South African investigators are probing the service history of a horizontal stabiliser trim motor after a serious out-of-trim incident occurred to a Boeing 737-800 approaching cruise altitude.

After taking off from Johannesburg bound for Cape Town on 2 September, the Mango aircraft was preparing to level off at 36,000ft in the vicinity of Kimberley, some 250nm southwest of its departure point.

Preliminary findings by the South African Civil Aviation Authority show that an out-of-trim stabiliser indicator illuminated, and the crew responded by disengaging the autopilot after consulting the quick-reference handbook.

But the aircraft then pitched nose-down, suggesting that a “significant” out-of-trim situation had developed, says the inquiry.

The electric stabiliser trim “did not work”, according to the crew, and the pilots had to control the aircraft by trimming the stabiliser manually – although the trim wheel would “jump back” to its original position after being turned.

Boeing’s 737 crew operations manual states that “grasping” the trim wheel will stop stabiliser motion, and that certain flight conditions might require more effort to rotate the wheel.

The pilots overrode the electric motor by applying more force to the trim wheels, and managed to restore stabiliser trim.

Owing to the disengagement of the autopilot and the trim problem the aircraft could no longer comply with reduced vertical separation minima criteria, which would have allowed it to operate in airspace with 1,000ft intervals between cruise altitudes.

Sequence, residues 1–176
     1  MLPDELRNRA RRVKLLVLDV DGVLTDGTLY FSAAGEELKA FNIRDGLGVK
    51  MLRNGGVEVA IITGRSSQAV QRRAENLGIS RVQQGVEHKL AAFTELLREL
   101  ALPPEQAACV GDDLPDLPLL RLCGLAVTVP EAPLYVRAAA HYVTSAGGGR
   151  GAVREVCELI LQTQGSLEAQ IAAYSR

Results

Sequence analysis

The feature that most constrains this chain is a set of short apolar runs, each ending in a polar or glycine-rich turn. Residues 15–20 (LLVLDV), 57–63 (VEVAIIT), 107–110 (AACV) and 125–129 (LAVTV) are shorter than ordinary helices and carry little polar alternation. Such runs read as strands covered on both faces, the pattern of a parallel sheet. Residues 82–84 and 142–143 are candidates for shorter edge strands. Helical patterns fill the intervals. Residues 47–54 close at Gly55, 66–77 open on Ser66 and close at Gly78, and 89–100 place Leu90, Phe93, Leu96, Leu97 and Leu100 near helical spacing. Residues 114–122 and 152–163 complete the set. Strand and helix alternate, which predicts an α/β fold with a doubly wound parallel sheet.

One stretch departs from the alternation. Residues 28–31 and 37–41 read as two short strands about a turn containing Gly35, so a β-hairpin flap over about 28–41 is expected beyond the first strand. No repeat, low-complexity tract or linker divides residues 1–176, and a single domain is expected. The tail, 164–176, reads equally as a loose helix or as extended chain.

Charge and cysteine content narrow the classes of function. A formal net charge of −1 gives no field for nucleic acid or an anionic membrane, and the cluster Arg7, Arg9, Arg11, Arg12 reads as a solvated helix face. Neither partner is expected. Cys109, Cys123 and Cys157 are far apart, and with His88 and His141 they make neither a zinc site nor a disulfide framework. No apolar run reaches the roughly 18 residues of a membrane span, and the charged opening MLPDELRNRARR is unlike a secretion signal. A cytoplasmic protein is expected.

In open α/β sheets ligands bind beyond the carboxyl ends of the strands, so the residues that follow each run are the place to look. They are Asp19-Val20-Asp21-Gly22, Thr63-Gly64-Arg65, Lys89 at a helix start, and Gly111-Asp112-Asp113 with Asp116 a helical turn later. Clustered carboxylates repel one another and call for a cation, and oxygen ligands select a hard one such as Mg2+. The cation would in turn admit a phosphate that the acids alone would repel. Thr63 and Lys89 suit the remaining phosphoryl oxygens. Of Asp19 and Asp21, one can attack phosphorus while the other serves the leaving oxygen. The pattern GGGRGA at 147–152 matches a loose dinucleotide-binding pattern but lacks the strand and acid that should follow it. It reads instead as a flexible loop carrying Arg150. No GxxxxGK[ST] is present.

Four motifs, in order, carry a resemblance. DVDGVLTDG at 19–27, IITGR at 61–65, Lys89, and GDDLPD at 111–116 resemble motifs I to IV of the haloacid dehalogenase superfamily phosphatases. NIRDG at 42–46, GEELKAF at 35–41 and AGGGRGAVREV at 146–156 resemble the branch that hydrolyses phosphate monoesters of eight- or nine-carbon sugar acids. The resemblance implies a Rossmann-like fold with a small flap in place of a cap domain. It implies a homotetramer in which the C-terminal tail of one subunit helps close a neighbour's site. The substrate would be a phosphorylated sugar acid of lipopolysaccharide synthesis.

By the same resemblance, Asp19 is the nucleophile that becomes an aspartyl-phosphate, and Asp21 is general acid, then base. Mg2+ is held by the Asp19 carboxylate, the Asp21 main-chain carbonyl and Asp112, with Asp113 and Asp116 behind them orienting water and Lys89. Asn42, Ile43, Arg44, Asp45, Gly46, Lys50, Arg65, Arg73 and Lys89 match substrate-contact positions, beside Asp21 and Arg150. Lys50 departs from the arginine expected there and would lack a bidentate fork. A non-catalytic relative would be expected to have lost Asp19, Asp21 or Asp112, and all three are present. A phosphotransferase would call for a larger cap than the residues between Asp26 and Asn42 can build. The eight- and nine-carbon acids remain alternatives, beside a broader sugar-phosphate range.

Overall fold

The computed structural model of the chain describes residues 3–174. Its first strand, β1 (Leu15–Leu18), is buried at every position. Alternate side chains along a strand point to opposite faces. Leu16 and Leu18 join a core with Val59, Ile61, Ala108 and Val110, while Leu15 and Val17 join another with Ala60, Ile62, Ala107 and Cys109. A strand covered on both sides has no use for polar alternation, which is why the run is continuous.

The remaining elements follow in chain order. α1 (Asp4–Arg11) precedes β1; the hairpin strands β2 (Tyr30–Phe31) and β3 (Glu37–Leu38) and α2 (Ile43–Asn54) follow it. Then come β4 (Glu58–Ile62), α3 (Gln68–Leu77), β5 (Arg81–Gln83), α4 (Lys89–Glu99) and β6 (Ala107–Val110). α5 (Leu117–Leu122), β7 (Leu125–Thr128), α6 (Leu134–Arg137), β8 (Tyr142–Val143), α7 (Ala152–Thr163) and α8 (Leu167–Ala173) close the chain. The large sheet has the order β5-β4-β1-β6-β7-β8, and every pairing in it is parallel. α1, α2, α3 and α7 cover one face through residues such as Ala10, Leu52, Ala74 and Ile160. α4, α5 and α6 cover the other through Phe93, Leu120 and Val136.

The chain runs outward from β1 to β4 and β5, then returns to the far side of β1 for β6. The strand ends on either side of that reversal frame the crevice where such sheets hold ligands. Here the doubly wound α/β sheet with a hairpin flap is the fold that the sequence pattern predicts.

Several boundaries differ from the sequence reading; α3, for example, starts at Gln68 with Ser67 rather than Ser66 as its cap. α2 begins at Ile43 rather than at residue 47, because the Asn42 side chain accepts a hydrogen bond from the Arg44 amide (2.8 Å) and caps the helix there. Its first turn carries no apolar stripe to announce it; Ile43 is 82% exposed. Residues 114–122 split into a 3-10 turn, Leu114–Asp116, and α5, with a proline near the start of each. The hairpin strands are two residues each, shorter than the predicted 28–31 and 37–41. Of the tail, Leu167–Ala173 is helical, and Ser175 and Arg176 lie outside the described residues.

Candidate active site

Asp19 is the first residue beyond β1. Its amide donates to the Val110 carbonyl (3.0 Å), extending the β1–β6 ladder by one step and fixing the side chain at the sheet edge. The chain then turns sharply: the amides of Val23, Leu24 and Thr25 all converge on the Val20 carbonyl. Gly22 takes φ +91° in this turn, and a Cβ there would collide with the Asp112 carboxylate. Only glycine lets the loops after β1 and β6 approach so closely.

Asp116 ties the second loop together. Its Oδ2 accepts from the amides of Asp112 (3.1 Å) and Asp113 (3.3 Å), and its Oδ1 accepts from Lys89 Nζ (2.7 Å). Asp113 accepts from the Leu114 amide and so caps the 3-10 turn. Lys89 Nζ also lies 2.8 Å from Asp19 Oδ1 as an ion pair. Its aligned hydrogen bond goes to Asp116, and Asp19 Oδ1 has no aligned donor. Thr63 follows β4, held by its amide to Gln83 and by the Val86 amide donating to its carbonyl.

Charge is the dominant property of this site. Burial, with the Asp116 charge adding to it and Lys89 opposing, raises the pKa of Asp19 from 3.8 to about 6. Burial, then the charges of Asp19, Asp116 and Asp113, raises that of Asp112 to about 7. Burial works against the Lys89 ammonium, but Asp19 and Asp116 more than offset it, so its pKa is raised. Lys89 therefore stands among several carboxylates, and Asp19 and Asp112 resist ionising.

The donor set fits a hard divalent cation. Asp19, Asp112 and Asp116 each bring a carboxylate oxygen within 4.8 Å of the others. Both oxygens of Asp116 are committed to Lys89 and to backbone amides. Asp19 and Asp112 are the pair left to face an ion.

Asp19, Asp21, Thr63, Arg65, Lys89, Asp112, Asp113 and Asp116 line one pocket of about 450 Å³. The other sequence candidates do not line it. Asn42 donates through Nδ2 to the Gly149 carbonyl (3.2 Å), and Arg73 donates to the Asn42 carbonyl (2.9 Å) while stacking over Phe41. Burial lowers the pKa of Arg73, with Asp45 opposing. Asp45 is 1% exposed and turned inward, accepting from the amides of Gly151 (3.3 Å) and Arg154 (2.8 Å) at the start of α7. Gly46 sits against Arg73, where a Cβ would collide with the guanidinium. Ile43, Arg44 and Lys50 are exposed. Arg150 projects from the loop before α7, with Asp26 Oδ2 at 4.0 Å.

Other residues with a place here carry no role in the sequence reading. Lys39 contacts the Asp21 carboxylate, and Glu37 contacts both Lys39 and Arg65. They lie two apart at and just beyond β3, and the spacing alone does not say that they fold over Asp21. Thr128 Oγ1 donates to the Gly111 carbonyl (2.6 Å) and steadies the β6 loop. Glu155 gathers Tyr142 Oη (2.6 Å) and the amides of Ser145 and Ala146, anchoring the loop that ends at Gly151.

It had to descend to 28,000ft and this lower altitude affected its fuel calculations, prompting the crew to decide to return to Johannesburg, where emergency services were put on standby. The aircraft landed safely on runway 03L some 55min after departure.

Investigators have determined that the aircraft (ZS-SJD) had been experiencing in-flight oscillations and underwent maintenance activities during May-July this year.

The inquiry adds that, in early August, the stabiliser trim motor was removed in order to service another Mango 737-800 (ZS-SJA) and a replacement was installed two days later.

It states that the service history of this replacement trim motor, at this preliminary stage of the inquiry, “could not be determined with certainty”.

“We will be looking into the history of the horizontal stabiliser trim motor and other aspects which may have contributed to the failure of the motor, which may or may not have safety implications,” it adds.

None of the 141 passengers and six crew members was injured. The aircraft involved – originally delivered to South African Airways in 2000 – also underwent repairs to its horizontal stabiliser in April 2017 after suffering damage during an apparent large bird-strike.